Ambisonics, and listening to binaural via speakers

Doggyboy

Member
2010-06-14 8:31 pm
Are there any Ambisonics fans in this group? (who maybe could tell me some of what the hubbub is about?)

And is there a way to process audio recorded binaural (intended for headphone listening only) to work over loudspeakers in a normal room, without the normal issues of crosstalk and everything else? For instance 3d sound recordings with all their near-head effects and heightfield effects, to be played back through a 'quad' or 5.1 or 7.1 or whatever audio system, after processing.... i'm aware it's silly to ask about speakers in a headphone group, but it's about a headphone source so I figured headphone specific users would know if anyone would. Sometimes you want to share the content and can't afford $700 headphones for everyone..

I've heard some people talk about Meridian Trifield in relation to this topic elsewhere, if anyone has personal familiarity with that please say so as that's on the topic roster too but if it's too obscure/high end I don't know of another forum here to ask on it in.
 

31697B

Disabled Account
2012-05-19 12:53 am
I wish Ambisonics were more popular than it is... best realism/accuracy in sound field reproduction. The encode and decode circuits in the past cost too much and so only a few studios could afford it. Now, though, we should be able to do it cheap enough for everyone/everywhere try it and use it all the time.

THx-RNMarsh
 
There's a free or nearly free app on iTunes that will do it. I think it's called "ambio phonics". Do a quick search and I bet you find it.

Despite the similarity in names, Ambiophonics is unconnected with Ambisonics. For this application, Ambiophonics is probably better suited. It is intended for stereo sources, but should work well with binaural. (I have never used it.) I good place to start is the article on Wikipedia; this includes a link to the official website.

Regards,
Martin
 
Are there any Ambisonics fans in this group? (who maybe could tell me some of what the hubbub is about?)

A excellent place to start is the FAQ (which I created and maintain). The article on Wikipedia is also excellent.

And is there a way to process audio recorded binaural (intended for headphone listening only) to work over loudspeakers in a normal room, without the normal issues of crosstalk and everything else? For instance 3d sound recordings with all their near-head effects and heightfield effects, to be played back through a 'quad' or 5.1 or 7.1 or whatever audio system, after processing.... i'm aware it's silly to ask about speakers in a headphone group, but it's about a headphone source so I figured headphone specific users would know if anyone would. Sometimes you want to share the content and can't afford $700 headphones for everyone..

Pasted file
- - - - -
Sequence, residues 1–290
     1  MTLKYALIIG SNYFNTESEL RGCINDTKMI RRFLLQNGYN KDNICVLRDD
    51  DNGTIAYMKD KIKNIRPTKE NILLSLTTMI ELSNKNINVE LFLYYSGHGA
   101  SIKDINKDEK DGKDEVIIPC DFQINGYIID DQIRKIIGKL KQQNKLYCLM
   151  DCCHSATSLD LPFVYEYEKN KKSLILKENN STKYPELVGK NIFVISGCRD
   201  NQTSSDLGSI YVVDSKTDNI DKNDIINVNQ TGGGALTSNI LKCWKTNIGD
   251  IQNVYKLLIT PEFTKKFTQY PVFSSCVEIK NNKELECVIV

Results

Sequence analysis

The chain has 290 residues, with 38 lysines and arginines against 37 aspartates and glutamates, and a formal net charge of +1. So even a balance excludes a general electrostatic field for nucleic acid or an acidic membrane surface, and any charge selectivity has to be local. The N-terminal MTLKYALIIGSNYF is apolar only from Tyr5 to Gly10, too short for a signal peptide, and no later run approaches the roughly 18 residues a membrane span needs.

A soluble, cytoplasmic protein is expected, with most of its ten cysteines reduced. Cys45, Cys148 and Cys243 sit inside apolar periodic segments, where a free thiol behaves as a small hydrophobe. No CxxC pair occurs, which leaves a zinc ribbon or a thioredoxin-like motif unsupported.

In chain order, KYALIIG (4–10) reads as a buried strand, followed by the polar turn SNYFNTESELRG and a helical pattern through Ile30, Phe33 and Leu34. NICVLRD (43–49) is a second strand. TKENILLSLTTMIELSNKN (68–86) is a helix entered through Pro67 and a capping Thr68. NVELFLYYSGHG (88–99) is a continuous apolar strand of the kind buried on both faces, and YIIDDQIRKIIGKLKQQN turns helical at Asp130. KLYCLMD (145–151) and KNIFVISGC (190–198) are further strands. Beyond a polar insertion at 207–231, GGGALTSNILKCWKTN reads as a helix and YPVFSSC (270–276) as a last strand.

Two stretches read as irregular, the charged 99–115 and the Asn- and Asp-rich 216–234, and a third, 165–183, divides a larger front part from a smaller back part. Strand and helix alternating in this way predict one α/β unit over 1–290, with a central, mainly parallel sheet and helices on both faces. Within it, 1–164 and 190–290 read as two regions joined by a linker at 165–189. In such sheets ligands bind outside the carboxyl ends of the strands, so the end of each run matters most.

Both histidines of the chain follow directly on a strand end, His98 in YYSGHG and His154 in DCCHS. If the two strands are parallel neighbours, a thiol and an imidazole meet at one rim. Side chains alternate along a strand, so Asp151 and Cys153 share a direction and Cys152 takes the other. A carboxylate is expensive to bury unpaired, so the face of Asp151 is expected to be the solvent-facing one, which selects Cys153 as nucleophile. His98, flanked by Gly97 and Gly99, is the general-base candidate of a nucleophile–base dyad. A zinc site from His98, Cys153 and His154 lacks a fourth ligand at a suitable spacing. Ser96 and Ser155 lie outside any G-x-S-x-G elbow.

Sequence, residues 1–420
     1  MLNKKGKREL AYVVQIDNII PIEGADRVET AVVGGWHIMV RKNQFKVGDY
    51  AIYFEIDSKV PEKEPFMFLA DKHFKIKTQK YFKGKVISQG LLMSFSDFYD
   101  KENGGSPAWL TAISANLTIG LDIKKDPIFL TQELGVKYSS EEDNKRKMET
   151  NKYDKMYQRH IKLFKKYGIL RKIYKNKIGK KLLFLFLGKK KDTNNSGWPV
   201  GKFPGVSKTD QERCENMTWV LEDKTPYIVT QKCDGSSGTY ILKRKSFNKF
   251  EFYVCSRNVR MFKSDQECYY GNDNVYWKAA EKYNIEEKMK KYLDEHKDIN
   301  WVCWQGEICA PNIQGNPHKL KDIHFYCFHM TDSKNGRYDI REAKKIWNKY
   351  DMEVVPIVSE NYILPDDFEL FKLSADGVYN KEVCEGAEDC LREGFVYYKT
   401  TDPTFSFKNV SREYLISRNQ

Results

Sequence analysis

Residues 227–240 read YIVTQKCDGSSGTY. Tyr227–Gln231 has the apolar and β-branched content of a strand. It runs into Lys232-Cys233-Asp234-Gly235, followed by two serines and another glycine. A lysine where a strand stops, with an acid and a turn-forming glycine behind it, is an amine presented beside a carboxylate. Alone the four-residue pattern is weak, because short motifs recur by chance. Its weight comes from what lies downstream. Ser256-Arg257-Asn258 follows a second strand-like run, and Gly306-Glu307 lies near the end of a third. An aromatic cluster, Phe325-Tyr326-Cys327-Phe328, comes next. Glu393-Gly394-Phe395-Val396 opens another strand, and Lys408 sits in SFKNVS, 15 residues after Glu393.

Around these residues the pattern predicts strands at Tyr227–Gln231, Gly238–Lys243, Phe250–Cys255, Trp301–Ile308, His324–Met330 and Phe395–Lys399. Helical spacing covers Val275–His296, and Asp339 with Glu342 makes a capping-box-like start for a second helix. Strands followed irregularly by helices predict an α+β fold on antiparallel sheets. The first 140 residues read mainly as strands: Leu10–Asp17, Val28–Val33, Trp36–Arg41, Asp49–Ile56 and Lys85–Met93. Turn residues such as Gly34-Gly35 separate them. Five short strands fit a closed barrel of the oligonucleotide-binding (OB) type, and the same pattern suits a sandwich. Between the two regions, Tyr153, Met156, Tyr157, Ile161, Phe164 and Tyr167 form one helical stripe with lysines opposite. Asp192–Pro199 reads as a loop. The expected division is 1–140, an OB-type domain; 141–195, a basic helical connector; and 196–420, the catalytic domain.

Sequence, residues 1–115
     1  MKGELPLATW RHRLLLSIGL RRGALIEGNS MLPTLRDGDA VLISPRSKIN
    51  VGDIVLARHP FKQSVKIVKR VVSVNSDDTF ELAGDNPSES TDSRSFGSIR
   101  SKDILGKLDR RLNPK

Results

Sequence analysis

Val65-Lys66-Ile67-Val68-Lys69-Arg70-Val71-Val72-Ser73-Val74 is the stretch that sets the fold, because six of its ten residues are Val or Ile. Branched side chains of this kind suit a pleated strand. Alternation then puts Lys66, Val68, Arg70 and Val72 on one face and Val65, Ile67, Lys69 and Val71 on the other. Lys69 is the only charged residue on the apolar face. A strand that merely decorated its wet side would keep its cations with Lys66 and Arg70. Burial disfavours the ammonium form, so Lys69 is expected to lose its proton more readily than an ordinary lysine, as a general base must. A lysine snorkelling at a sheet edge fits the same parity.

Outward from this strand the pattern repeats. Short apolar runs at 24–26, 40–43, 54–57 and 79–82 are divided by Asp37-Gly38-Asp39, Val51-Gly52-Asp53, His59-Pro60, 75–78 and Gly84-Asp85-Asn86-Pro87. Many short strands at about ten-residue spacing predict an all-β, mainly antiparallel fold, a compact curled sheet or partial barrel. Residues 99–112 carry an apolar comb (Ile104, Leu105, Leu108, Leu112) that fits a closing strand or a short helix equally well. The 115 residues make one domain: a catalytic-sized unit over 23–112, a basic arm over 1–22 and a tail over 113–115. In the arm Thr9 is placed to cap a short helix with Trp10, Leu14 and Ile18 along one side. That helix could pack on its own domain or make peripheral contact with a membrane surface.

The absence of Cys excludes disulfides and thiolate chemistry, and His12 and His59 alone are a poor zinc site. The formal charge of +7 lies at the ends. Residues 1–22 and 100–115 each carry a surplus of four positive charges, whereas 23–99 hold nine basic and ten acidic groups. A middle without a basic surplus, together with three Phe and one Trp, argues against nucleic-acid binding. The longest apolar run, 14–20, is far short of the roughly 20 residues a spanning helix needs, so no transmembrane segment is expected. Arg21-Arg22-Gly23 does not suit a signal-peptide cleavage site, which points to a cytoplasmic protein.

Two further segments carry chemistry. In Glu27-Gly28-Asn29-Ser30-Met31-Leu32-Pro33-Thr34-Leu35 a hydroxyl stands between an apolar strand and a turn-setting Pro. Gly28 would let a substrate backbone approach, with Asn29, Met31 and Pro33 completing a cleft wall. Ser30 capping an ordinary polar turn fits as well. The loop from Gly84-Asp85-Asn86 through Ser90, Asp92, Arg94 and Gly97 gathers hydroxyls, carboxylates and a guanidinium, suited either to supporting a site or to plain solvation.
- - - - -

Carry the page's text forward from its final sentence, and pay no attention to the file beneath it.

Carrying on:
Another poster has pointed you towards Ambiophonics (which is unconnected with Ambisonics). Ambiophonics uses crosstalk cancellation, along the lines of the old Transaural system but updated for the digital age (and free).

I've heard some people talk about Meridian Trifield in relation to this topic elsewhere, if anyone has personal familiarity with that please say so as that's on the topic roster too but if it's too obscure/high end I don't know of another forum here to ask on it in.

Trifield reproduces two-channel stereo sources through three front speakers. (Meridian also tacks on some surround.) There is a Wikipedia article on Trifield, although it is only a stub. The underlying theory is explained in:
M.A. Gerzon, "Optimum Reproduction Matrices for multispeaker Stereo", J. Audio Engineering Society, vol. 40 no. 7/8, pp. 571-589 (1992 July/Aug.)​
Basically, the two-input channels are passed through a set of shelf filters with different gains above and below 5 kHz. From these, three new speaker feeds are derived. (I have never heard it; I can't afford Meridian kit.)

Regards,
Martin
 
Last edited:
And is there a way to process audio recorded binaural (intended for headphone listening only) to work over loudspeakers in a normal room, without the normal issues of crosstalk and everything else? For instance 3d sound recordings with all their near-head effects and heightfield effects, to be played back through a 'quad' or 5.1 or 7.1 or whatever audio system, after processing....



Hi Doggy,
I think most of your questions have been answered, so I will just try to address the 'loudspeaker binaural' issue..
If you want near-head effects and height you are probably better off sticking to headphones. Cross talk cancelling (XTC) does not result in left and right channels being heard by right and left ears, unless you have an anechoic chamber, and even then the cancellation is not perfect. In addition to the direct sound you get reflected sound when using loudspeakers. Where 'loudspeaker binaural' beats binaural is for frontal sounds where you tend to get a more natural sound and good distance perspective, when with headphones you often get reversals, in-head sound, or split front/back.
One problem with using XTC, such as the Ambiophonic RACE method, for binaural is that it is almost impossible to cancel at low frequencies, so that you cannot reproduce the low frequency Interaural Time Difference (ITD) of the original binaural recording, although it can sound pretty good regardless. To get sounds near-head yoiu also need to increase the ratio of direct to reflected sound, beyond what you would get from a simple speaker in a normal room. An anechoic room would help (or playing outside), or possibly focussed speaker arrays, but that is not likely to catch on...
I have made some dummy head recordings that have greater interaural level differences at low frequencies than normal for binaural, and a XTC filter that converts these to ITD but it is a prototype, I have only made the one demo, and there is zero interest in it..
Freesound.org - "bonfire ambio.mp3" by dwareing
Regards,
David.